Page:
Afriquena w/ Cameron Williams
When I asked Cameron Williams about his support system he had a relatable source of motivation, being doubted. When he was younger he launched his “foundation of a creative work”, Jvrrett Apparel. We are talking about flash mob fashion shows in Downtown Chicago, runway shows, photo shoots, and galleries presenting live models in hand made garments at sixteen years old. Though his mother recognized him as an artist (he was attending The Chicago High School for the Arts) when Williams came to her with these elaborate ideas she could not see the possibilities because they all sounded like they would cost a lot of money.
Time and time again Cameron proved her wrong but she never let up on the pressure for him to perform as an entrepreneur, not just an artist. She wanted to see a return on these grand investments. Personally, he didn’t feel called to the sales aspect of the industry for many years after his first launch.
Later on as Williams prepared for his first day of college in New York City, he had already begun his first day of work in the fashion industry out there. This was the outcome of hours spent researching internships with stylists across the big apple. Eighteen years old, straight out of Chicago with an astounding portfolio on his back (including designs featured in Vogue) he knew he had “four years to do everything I could possibly do” and did! He took full advantage of being in a position of privilege “not like a trust fund, but eating up student loans” to stay in NYC.
There was a particularly meditative moment of our facetime when Cameron expressed how tightly Jesus holds him. He grabbed a white curtain in his room and shook it so fluidly showcasing how it feels to be guided and “never let down.” Many blessings came his way as he studied in NYC. Continuing to work in the fashion industry Williams landed internships with Paper magazine, Louis Vuitton and Gucci in that order. He expanded Jvrrett Apparel which now features hand dyed clothing and still highlights monochromatic color schemes. He admittedly still hesitated with the business component as the brand redirected, maybe I couldn’t sell it because it was “always on my body.” Williams is “always producing” but not always sharing, he is “intentional and selective about releasing to the masses.”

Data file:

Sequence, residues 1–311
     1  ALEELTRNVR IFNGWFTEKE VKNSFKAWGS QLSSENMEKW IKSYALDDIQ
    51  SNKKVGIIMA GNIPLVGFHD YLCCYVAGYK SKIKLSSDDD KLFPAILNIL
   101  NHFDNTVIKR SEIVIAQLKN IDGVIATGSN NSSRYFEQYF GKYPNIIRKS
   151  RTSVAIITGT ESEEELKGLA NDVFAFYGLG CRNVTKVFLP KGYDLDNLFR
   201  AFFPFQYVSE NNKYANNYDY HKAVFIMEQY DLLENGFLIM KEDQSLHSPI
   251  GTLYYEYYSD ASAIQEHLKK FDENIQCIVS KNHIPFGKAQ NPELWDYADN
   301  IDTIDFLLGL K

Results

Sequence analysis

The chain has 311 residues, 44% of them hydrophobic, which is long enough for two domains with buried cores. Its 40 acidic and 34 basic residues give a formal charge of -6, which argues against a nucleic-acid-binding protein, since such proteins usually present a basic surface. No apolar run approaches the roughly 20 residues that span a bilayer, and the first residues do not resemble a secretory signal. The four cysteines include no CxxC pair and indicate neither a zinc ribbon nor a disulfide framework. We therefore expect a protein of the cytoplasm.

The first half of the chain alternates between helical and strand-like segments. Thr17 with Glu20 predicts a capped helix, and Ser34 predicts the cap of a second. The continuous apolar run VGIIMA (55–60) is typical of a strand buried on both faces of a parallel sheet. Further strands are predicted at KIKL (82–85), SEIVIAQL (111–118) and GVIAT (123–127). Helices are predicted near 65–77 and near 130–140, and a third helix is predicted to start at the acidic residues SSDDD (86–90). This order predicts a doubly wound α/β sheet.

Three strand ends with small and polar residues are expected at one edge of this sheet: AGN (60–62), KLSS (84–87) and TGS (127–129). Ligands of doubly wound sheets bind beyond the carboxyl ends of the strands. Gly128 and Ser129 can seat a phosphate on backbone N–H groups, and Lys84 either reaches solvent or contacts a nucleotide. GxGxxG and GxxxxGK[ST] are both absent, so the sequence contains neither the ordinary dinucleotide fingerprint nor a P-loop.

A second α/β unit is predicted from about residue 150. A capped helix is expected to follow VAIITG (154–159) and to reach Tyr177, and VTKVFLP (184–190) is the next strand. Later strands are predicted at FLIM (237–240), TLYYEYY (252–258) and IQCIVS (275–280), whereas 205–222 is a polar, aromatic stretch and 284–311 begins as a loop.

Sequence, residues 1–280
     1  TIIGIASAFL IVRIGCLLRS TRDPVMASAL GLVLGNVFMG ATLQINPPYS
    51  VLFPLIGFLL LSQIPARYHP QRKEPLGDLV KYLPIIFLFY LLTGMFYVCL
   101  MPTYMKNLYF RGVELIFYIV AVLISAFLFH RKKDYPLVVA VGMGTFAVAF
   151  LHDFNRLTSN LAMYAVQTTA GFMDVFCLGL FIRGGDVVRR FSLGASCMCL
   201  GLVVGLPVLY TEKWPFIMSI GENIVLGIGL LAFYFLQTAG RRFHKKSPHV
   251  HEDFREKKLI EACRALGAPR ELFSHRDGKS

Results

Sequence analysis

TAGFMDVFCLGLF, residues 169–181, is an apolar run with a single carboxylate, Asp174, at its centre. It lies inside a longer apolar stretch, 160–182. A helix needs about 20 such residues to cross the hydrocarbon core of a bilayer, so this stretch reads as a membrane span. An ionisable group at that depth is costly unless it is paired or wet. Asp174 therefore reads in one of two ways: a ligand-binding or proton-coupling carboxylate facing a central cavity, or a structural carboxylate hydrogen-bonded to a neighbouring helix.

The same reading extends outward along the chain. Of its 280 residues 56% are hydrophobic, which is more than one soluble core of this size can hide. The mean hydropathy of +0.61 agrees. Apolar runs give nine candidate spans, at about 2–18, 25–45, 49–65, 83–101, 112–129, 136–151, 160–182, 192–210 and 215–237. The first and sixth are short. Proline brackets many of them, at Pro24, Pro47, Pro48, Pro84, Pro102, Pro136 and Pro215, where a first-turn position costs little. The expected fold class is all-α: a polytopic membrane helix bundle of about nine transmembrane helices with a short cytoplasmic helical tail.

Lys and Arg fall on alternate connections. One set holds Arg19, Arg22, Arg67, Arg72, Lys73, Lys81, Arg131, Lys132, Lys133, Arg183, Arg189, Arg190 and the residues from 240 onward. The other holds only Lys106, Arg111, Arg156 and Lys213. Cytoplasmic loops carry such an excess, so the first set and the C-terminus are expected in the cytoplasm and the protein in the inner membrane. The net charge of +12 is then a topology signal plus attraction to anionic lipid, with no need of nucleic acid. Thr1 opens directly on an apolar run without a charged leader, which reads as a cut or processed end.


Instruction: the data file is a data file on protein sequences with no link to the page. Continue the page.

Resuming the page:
For instance, his latest endeavor is COMPANY, a digital magazine about fashion on www.instagram.com/ccompanyyy where you can find original articles and graphic designs highlighting the latest and greatest of high end fashion including artists, models, and influencers. The account was private for 3 months before publicly launching at the start of quarantine.
Over the years he has worked to truly see himself and beat that thing called imposter syndrome. He says being questioned by his mom overtime was “good because it kept me humble and without ego.” A message for us all. Post grad, Cameron is currently remaining in New York City and we are so excited to continue supporting his journey.